Sadly, the systems have warred to divide the paradox by taking one side or the other and thus destroying the Bible’s teaching. This is the sad reality of many controversies in Church history where a paradoxical truth was grappled with; often to prove one point, one was pressured to choose “either/or.” Confessions were born from the hearts of men and followed by modifications; this is true with Calvin’s many revisions of his youthful writing The Institutes (at age 26) presented to the King of France in behalf of the Huguenots. Some will take one revision; others give their allegiance to another revision. As history unfolds, each generation gives their confession with modification. Today, some will even declare that Calvin’s work is the greatest embodiment of truth “compiled by man,” while others will go so far as to project it as synonymous with the gospel.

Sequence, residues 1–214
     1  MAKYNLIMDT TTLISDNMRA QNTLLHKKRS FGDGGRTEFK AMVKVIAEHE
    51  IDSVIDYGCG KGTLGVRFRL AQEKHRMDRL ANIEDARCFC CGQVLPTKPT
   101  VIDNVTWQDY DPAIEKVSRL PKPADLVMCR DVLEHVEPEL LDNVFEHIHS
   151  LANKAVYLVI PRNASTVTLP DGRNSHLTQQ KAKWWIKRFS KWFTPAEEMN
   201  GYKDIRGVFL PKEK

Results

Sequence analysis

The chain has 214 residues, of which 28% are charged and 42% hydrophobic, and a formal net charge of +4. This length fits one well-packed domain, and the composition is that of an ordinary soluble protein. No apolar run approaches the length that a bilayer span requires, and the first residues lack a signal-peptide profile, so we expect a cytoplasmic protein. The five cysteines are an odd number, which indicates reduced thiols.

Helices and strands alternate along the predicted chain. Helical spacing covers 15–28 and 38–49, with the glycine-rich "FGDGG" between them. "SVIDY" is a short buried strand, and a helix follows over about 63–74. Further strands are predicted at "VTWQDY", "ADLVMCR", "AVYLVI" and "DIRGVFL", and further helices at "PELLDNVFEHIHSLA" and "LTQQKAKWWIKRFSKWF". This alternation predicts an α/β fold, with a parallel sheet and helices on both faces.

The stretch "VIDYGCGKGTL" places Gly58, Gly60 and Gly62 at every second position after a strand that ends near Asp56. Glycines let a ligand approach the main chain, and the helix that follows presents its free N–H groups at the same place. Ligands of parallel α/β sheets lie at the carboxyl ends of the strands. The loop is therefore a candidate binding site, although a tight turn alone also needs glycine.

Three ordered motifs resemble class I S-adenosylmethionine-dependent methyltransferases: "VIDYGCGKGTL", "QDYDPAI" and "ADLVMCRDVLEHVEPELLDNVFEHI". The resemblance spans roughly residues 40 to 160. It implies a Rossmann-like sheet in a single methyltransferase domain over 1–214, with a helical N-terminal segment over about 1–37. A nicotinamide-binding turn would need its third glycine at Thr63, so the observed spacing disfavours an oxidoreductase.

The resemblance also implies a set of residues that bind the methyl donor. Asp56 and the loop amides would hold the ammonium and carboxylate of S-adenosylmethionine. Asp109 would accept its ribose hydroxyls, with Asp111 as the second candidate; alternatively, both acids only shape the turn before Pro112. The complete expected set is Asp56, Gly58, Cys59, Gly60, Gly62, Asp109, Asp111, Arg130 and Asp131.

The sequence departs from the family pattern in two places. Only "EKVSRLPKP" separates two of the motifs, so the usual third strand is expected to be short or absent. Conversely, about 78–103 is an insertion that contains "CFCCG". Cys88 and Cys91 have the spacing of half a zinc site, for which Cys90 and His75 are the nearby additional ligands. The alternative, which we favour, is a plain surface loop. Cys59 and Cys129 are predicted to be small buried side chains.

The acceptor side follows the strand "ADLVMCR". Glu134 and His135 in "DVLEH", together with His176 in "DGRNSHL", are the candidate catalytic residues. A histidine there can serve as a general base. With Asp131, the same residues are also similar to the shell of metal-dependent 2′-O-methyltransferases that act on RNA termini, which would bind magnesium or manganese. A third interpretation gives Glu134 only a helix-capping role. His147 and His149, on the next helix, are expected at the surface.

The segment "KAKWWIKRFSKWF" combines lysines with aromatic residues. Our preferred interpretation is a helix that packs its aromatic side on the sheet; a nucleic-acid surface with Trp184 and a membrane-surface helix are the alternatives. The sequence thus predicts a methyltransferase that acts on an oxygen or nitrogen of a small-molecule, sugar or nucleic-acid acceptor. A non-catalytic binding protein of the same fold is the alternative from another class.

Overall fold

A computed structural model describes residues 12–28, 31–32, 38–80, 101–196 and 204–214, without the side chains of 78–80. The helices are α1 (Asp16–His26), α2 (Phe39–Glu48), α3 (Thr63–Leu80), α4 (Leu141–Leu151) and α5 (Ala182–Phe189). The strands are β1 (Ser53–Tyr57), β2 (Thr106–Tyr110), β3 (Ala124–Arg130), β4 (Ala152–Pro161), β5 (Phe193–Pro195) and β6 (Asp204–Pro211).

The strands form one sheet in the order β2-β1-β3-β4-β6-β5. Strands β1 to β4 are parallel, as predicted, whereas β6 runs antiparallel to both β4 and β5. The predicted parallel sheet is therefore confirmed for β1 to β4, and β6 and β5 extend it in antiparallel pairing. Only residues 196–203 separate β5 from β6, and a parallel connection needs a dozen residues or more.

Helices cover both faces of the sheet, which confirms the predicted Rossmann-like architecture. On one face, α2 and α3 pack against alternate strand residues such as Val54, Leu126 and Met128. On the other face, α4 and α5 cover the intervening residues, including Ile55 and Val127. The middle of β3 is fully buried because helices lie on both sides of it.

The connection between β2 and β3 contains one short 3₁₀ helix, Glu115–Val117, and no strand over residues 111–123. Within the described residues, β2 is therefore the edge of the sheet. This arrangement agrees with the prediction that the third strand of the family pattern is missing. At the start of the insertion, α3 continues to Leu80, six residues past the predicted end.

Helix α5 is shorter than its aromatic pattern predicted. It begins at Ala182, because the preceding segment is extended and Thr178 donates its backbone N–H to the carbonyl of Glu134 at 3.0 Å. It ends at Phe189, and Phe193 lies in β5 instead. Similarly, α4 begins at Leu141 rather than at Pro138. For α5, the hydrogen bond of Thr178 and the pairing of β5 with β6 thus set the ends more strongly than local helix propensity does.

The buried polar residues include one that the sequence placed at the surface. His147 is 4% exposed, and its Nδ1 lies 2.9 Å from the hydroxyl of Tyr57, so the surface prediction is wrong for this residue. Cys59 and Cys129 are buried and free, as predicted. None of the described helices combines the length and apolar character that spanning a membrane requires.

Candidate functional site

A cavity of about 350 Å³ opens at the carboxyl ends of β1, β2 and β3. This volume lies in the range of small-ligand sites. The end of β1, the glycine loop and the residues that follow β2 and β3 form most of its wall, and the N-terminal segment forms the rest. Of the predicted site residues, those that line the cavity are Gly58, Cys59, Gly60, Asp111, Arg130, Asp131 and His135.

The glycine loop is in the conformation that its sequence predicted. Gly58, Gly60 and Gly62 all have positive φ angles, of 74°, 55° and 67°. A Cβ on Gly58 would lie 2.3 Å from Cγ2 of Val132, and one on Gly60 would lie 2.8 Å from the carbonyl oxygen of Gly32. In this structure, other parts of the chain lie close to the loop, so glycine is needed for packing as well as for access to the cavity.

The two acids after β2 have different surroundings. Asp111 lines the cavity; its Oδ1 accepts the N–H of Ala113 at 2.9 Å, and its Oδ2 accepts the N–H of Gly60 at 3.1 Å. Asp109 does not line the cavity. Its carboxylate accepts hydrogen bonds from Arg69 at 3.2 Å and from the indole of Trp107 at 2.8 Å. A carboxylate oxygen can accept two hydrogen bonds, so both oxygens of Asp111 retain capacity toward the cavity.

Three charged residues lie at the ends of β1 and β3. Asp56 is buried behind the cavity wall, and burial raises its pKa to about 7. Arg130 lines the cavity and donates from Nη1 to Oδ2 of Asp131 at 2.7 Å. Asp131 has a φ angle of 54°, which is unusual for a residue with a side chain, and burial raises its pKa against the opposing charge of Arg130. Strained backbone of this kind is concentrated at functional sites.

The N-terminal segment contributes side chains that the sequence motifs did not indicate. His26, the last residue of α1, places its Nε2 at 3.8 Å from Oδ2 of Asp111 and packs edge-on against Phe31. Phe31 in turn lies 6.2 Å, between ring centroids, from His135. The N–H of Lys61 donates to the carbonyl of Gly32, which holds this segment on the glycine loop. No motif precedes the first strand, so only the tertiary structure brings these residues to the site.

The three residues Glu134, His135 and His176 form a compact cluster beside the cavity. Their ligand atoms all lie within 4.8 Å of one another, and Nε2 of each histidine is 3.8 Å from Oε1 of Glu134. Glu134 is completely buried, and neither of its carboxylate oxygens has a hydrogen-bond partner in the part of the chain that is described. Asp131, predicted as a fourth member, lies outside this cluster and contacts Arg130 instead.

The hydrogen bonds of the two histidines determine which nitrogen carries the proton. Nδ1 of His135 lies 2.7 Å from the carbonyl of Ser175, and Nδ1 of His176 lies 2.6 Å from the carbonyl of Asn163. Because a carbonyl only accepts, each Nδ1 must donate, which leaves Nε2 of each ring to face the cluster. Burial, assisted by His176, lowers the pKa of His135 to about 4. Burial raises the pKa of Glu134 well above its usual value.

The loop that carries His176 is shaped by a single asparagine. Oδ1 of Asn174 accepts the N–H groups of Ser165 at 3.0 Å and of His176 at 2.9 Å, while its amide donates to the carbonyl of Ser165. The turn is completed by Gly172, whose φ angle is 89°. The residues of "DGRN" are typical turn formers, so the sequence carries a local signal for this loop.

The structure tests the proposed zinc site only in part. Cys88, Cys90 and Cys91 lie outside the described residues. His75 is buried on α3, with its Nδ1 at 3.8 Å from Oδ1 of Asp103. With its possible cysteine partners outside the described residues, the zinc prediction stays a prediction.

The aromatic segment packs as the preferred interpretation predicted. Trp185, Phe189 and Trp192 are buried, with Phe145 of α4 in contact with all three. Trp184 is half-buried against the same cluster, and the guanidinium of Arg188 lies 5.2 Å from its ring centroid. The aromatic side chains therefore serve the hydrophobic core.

Perhaps it is true that every man “probably” by the end of his life will have a system, either one he has forged himself or embraced from someone else’s. Sad to say, what were once distinctives of the system began to be tightly woven into the fundamentals of the Word of God—some good, some bad.
However, the greater tragedy is the divisions created within the Body of Christ. Will the decrees of God receive the glory for saving us? Or will the death and merit of our blessed Lord receive the glory for saving us? Will the cry in heaven be, “Worthy are the Decrees!” or “Worthy is the Lamb!” (Rev. 5)? Not even the decrees of God can compete with the Son of God in His intrinsic glory and merit of procuring our salvation. Are the Scriptures greater than the system? Will the theological systems be the composite of my preaching, or will the gospel of the Scriptures? Where does my ultimate allegiance lie? Does the Body of Christ cease within a system’s boundaries? Does the Body of Christ extend beyond the human boundaries of theological systems?